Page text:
- The Washington Times - Thursday, May 5, 2016

How acrimonious is the 2016 presidential race? A new survey finds that 90 percent of Americans say the bout between Hillary Clinton and Donald Trump is more polarizing and controversial than the 2012 election - to the point that it has compromised their personal relationships. Some appear to be done with it all: 81 percent say they are now avoiding political discussions “at all costs,” this according to research conducted by VitalSmarts, a business leadership training company which is urging the citizenry to be civil one another - and keep talking about the election despite the strife.

“Our society depends on this kind of respectful discussion,” says Joseph Grenny, who co-founded the Utah-based group. “The essence of democracy is a contest of ideas. So if we can’t talk about politics amicably, we can’t make better decisions about our future.”

There’s ill will in the office too.

The survey also found that 79 percent of the respondents have decided to avoid political conversations with their co-workers in particular. Seven out of 10 won’t talk election news with strangers, 56 percent with their neighbors. The personal space has also been affected. Four out of 10 have had political arguments in their own home, 31 percent in a community setting, 28 percent in the workplace and 26 percent via social media.

Then there’s the collateral damage. A third have been insulted or even attacked in a political argument; 25 percent say they have suffered damaged relationships because of ongoing discord. The poll of 1,866 U.S. adults was conducted throughout April and released Thursday.

“The silver lining in this data is that people have it in them to listen and agree,” says David Maxfield, the other company co-founder. “Even people who think their rivals are angry, uneducated, and ignorant can also reach agreement, respect and find common ground. You don’t have to agree with someone to respect them.”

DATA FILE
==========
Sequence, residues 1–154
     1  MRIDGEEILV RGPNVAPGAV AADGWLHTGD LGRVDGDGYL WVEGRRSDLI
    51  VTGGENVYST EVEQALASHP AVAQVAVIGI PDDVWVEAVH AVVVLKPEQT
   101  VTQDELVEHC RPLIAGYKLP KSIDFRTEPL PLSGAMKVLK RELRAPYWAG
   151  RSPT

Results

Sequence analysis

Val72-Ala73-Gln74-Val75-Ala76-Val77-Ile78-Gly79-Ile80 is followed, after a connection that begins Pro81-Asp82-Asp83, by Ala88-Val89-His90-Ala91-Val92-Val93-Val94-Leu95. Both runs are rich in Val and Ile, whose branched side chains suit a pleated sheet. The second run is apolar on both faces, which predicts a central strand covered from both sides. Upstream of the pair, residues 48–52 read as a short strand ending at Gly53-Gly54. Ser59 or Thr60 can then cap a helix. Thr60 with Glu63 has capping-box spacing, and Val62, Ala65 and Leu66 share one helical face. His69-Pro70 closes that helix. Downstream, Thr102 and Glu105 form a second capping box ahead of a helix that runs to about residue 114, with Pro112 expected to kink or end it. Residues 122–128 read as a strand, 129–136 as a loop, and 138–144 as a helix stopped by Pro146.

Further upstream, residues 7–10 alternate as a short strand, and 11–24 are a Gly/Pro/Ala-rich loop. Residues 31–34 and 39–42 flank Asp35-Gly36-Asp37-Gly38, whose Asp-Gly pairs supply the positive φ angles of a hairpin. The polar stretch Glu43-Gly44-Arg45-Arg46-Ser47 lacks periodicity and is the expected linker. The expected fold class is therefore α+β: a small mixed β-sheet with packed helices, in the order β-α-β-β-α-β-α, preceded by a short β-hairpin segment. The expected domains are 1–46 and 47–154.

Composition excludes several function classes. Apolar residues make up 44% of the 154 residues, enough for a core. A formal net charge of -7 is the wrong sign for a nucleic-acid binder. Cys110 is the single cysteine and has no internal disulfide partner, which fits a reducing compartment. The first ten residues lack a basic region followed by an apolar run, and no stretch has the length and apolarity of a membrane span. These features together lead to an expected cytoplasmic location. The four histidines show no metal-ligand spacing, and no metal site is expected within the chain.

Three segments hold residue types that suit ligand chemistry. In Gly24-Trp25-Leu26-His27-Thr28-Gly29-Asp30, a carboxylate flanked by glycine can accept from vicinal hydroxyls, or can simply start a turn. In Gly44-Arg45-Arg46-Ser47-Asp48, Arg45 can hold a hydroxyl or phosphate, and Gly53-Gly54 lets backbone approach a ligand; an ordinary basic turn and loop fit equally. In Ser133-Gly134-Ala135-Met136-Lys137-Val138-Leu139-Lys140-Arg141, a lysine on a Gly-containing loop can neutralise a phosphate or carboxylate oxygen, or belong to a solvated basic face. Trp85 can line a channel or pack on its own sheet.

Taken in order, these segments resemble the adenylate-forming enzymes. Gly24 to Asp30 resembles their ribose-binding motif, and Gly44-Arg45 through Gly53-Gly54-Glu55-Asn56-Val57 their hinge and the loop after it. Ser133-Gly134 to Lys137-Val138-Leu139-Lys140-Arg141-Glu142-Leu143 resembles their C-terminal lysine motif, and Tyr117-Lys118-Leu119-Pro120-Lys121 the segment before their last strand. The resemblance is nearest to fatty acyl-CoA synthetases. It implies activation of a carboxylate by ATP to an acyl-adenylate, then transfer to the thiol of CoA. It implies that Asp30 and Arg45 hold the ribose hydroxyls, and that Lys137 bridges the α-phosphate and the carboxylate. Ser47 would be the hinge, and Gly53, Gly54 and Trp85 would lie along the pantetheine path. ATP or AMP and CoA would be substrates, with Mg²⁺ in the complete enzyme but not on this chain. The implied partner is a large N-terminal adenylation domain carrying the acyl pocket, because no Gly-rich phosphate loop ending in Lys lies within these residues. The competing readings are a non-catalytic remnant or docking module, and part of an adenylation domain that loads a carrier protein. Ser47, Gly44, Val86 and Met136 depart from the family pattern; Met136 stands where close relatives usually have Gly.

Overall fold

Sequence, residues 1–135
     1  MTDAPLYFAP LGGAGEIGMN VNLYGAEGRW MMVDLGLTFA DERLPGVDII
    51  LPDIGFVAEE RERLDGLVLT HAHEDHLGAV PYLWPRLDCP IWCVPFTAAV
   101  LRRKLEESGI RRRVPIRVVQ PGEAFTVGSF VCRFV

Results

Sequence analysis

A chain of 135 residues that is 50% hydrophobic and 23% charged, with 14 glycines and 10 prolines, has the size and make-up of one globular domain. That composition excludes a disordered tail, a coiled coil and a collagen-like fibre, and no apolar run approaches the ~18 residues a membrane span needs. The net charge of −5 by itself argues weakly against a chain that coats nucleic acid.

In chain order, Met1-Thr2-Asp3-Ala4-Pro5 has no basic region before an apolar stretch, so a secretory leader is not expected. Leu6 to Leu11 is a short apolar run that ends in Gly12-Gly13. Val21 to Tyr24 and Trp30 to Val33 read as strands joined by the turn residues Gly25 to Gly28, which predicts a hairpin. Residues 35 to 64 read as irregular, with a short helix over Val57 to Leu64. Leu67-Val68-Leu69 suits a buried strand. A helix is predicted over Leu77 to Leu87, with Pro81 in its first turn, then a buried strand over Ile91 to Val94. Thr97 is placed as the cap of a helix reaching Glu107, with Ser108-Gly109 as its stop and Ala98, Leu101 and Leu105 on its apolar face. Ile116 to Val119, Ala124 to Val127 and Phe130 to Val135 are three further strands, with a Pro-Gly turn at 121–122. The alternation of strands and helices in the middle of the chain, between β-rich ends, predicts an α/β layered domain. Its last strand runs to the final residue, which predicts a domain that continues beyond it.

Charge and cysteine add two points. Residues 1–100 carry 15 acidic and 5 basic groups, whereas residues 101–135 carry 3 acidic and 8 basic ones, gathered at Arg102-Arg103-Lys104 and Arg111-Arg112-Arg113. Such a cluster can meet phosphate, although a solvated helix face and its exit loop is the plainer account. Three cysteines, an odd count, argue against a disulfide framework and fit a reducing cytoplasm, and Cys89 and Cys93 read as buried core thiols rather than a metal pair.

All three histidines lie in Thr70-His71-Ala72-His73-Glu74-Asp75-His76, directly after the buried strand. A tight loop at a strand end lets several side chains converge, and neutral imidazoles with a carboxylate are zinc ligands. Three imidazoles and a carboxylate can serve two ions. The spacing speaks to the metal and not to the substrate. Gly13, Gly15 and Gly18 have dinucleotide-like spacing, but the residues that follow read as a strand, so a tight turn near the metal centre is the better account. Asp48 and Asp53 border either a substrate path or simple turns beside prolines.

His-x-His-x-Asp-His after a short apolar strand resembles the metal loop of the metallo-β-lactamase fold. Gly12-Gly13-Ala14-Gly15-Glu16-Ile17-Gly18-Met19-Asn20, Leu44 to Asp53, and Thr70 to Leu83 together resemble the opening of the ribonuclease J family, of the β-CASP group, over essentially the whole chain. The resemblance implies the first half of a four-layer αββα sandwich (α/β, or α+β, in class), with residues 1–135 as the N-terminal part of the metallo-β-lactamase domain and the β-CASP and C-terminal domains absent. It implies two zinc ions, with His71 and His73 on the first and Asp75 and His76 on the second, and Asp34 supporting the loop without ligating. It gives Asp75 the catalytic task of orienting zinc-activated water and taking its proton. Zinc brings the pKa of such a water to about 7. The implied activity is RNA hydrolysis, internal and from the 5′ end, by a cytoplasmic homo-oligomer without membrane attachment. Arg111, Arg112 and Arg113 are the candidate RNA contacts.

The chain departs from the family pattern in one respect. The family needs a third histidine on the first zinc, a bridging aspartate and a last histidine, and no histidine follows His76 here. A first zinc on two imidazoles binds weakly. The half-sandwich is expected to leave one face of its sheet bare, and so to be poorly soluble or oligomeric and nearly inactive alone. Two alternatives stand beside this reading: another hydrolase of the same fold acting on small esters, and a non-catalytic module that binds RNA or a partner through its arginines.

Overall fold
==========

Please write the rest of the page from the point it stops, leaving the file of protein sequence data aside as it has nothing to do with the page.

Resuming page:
The Republican Party can’t unify itself overnight, no matter what the news media may expect. That is the message from Donald Trump’s senior advisor Paul Manafort, who advises impatient GOP leaders and the press to take a breath.

“It’s a healing process.  It’s a healing process that will happen over time and frankly the media’s expectations that the day after the Indiana primary when everybody got out of the race and everything was going to come together in one moment - it was unrealistic,” Mr. Manafort told Chris Wallace during an appearance on “Fox News Sunday.”

“Trump understands this.  What’s important to him is that he unifies the voters and that he unifies the Republican Party. Remember, he ran as an outsider, he ran as somebody who was representing the people’s interests who were frustrated with the gridlock in Washington. He wasn’t a candidate of the leaders,” the advisor continued.

“To expect everything to come together the day after the primary process ended, it was a bit unrealistic.  But frankly, I’m very pleased to say that it’s happening even faster than we thought. Many of the candidate who ran against him - and there were 16 - are now moving behind him, endorsing his candidacy expressing support for it. Party leadership in the Congress as well as members of Congress is coming together. The governors are coming together,” said Mr. Manafort.

“It’s a process. It will be fine. We’ve got plenty of time now. There will be no contested convention. We have plenty of time to put the party together.”


The primetime line-up at Fox News still rules the ratings, according to new Neilsen Media Research numbers. The network produced  nine of the 10 most-watched cable news programs in the past month. In the lead: The O’Reilly Factor, with an average 2.8 million viewers per night, followed by The Kelly File (2.3 million), Special Report with Bret Baier (2 million), The Five (1.9 million), Hannity (1.8 million), On The Record with Greta Van Susteren (1.7 million), America’s Newsroom (1.4 million), Your World with Neil Cavuto (1.3 million), and Outnumbered (1.3 million).